Model: Mustang GT
Engine Size: 302
Refrigerant Type: Freeze12
Country of Origin: United States
I just found out today that my vehicle had been charged in the past with Freeze 12 (different fittings) and needs to be recharged.
Now, from what I have picked up here and on other forums that Freeze 12 is the work of the devil (ok maybe not that bad - but definitely not favored)
My situation is that I have three mustangs, each with different style of compressors.
And I also have 3 cans of R12 from back in the days - enough to service one vehicle.
Million dollar question is which car gets the R12. Granted the 1991 is only vehicle that is currently running and has the entire system connected.
Is it worth considering recharging it again with Freeze 12?
Which refrigerant is more prone to leaks? Because I don't want to go through this again.
If I convert the '91 to 134-a (this compressor seems to be the best for the conversion out of the 3 cars), do I need to replace the accumulator and the orifice hose? Going this route, I have been quoted $350 total.
Freeze 12 is mostly R134a. So if the system is empty? I would use R134a and apply the normal steps when one converts a system. Corvette would get the R12 in my opinion.
Save the R12 for the 1967 MUSTANG....(Tim, How dare you refer to a Mustang as a Corvette.) After that, do what Tim said for the 1991.
I need someone to sit down and explain the concept of Freeze12 to me and handle me like I am an idiot. Freeze12 is blend of 80% R-134a and 20% R-142b, the latter being an HCFC that is suppose to be miscible with the mineral oil and act as an oil carrier. And advertised to be a direct replacement for R-12.
First off its not, as most receivers and accumulators of that era are not R-134a compatible where added R-134a can dissolved the dryer causing the compressor to seize. You have to change that dryer first to an R-134a compatible type.
Then why are you adding refrigerant in the first place, have a leak? That leak has to be found and repaired, and if you have leaked out refrigerant, odds are, you also lost some if not of your oil. So you have to flush the system anyway and put in the required amount of oil. Might as well use an oil that is both R-134a and R-12 compatible.
Then why a blend? If one of the two or more gas mixtures leaks out and the other stays to fool the system, you are dead meat.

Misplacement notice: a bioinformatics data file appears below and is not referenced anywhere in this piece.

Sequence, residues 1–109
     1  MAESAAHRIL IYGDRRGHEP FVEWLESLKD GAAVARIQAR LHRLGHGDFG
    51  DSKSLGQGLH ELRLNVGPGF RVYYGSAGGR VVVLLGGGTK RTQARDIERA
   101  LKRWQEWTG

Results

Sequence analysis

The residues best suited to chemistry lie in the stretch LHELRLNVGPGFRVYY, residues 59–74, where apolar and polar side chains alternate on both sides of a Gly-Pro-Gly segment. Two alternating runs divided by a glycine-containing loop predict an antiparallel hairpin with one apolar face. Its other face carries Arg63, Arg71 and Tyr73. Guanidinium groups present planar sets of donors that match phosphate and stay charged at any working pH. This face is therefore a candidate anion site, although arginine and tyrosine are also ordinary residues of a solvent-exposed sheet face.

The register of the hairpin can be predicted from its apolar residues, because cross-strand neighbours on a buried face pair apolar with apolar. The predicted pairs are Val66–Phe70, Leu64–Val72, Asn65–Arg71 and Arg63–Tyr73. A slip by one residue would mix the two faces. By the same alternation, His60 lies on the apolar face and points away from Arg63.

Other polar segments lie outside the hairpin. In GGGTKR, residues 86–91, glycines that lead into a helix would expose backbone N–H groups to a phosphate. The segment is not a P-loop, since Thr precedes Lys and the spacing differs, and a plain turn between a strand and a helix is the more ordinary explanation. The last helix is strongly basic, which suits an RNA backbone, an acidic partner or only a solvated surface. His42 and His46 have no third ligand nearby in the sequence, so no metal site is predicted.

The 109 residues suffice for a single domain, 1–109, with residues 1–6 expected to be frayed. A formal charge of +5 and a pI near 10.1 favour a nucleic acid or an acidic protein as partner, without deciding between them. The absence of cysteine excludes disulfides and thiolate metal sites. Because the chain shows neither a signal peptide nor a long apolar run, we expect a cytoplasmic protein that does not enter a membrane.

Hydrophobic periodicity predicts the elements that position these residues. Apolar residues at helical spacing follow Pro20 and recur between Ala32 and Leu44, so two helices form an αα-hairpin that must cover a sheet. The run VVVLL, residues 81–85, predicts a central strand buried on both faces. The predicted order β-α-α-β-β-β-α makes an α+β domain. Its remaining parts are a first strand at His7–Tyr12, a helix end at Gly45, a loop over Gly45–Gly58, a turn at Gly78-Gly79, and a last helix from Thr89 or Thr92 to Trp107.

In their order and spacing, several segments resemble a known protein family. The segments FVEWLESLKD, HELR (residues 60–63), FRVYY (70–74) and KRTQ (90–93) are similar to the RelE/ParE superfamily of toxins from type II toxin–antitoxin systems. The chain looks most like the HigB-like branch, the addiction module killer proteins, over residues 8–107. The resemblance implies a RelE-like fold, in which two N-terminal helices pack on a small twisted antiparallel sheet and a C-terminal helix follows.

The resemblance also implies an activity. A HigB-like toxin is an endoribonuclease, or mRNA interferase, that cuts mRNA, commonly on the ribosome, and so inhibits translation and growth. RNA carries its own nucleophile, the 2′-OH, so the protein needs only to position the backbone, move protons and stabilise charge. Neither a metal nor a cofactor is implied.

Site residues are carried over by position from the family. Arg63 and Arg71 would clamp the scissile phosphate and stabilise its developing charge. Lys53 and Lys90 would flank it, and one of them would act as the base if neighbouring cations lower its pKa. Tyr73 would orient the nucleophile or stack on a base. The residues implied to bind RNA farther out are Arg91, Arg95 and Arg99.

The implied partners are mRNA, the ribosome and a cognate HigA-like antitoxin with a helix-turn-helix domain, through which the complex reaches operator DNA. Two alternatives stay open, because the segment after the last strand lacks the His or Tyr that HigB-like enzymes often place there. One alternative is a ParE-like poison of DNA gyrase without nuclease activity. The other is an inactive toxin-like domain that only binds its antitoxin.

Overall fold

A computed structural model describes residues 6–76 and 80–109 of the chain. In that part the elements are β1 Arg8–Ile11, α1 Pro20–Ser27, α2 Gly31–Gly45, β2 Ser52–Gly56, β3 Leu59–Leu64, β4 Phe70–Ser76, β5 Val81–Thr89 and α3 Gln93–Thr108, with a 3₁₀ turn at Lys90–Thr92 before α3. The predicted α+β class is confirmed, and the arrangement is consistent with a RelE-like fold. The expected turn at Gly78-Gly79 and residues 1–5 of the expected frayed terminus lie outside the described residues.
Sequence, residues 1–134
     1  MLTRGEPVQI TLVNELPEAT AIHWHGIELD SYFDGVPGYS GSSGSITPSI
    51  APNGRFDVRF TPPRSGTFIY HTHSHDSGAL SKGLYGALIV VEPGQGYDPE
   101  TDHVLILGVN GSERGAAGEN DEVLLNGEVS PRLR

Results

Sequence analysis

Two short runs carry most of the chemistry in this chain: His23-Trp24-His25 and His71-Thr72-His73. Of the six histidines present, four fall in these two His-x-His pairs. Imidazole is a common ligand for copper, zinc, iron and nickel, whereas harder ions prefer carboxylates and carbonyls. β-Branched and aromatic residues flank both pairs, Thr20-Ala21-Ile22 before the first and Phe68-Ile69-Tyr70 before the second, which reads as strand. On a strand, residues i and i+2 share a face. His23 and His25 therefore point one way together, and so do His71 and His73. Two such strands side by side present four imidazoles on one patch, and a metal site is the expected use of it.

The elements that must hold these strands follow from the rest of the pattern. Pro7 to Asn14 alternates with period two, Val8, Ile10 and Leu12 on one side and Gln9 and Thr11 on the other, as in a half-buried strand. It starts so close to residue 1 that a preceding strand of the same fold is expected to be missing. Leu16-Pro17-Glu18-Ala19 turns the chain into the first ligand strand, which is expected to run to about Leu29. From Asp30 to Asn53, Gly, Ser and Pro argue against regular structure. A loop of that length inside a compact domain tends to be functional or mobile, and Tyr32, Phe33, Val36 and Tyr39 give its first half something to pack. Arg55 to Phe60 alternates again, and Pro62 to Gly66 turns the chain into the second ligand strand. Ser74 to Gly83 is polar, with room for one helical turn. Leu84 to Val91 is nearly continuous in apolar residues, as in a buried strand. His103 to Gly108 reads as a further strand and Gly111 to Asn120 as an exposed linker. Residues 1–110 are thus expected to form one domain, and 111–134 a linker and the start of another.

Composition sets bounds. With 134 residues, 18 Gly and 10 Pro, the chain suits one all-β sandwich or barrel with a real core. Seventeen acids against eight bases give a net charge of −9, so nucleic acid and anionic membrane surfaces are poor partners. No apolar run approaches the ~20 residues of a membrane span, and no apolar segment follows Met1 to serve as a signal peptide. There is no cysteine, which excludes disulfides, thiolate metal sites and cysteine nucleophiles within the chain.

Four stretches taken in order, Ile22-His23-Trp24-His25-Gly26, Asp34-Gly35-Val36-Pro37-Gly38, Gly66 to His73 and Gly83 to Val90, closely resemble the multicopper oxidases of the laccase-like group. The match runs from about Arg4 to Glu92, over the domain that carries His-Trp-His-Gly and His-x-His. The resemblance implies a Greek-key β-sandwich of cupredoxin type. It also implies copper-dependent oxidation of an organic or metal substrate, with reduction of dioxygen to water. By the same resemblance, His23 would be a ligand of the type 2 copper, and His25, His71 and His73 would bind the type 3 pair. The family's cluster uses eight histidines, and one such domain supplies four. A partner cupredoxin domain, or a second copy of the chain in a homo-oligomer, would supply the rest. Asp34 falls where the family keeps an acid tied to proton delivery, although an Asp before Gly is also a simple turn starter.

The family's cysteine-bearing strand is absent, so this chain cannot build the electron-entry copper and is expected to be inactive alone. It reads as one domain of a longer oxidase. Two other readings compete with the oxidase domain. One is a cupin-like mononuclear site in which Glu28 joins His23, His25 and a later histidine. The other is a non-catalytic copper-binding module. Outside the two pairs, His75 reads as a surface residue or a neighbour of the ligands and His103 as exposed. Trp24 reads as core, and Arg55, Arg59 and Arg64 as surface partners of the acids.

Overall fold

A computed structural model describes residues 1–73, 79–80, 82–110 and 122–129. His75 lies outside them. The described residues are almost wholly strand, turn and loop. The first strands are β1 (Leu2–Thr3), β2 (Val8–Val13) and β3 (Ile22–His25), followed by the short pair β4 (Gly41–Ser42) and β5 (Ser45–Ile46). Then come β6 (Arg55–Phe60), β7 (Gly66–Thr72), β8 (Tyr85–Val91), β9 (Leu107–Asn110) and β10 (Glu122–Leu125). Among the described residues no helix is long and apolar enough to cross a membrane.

Swear with some of these alternatives, the producers are smoking crack and somehow void of product liability lawsuits, but hey, with an old system, that is almost impossible to prove in a court of law, and you even start that lawsuit, would cost you the price of replacing your system at least ten times.
So we have a market where evil people can take advantage, either that, or I am an idiot.
^^^^^^^^^^^^^^^^^^^^^^^^ What he said!
It absolutely amazes me that there is such a wide variety of these... well I'll hold back on the expletives in referencing "alternative" refrigerants. Not only is there a wide variety of them, but there are gazillions of vehicles out there with who knows what in them. I have two recovery machines, no refrigerant identifier and no sealant detector. I might as well not have the machines because I'm scared to death to recover ANYTHING unless I have first hand history/knowledge of the system that I'm connecting to.
If truth were known, I fully expect that the vast majority of systems with "alternative refrigerants" are not labeled nor do they have the correct fittings.
All that said, the part that puzzles me most is how crazy people get over refrigerant. Many people just seem to forget their third grade arithmatic and will spend hundreds of dollars on a system so that they can save a few bucks on refrigerant.
End of rant.
Have a great day,
Yes, I do need to first find where the leak occurred (O-rings?), but I have been finding additional R12 cans for fairly reasonable prices ($15-$20 a can). So, I'm thinking why should I spend $300+ dollars on converting it to 134-A when I can recharge it with R12 for less. Others might argue about recharging the system down the line and honestly, I might not keep this car for many years to come (the Fastback is a keeper).
Would a shop be hesitant to flush a system with Freeze12 in it (or whatever is left)?
Flushing would not be an issue. Reclaiming what's left could be.
Every vehicle that we work on gets a refrigerant and sealer check before our machines get hooked up. Yes the cost of a good refrigerant identifier has a price. But in the end you are providing a quality service to not only you but your customer. I say this as most reclaim into a tank and reuse. If you suck crap into a tank and then fill another vehicle. You just messed up another vehicle which could lead to an issue for them at the next shop.
I'll explain this in elementary terms.
1) Approved refrigerants are approved only on the basis of their effect on humans and the environment. No consideration is given (by the EPA) to what works in a system or what components need to be changed.
2) Alternative refrigerant creation/manufacturing/marketing is a business.
3) Consideration is being given to only allowing 3 refrigerants in the USA. R12, R134a, HFO-1234yf. (FYI, R142b is now on the EPA's restricted list.)
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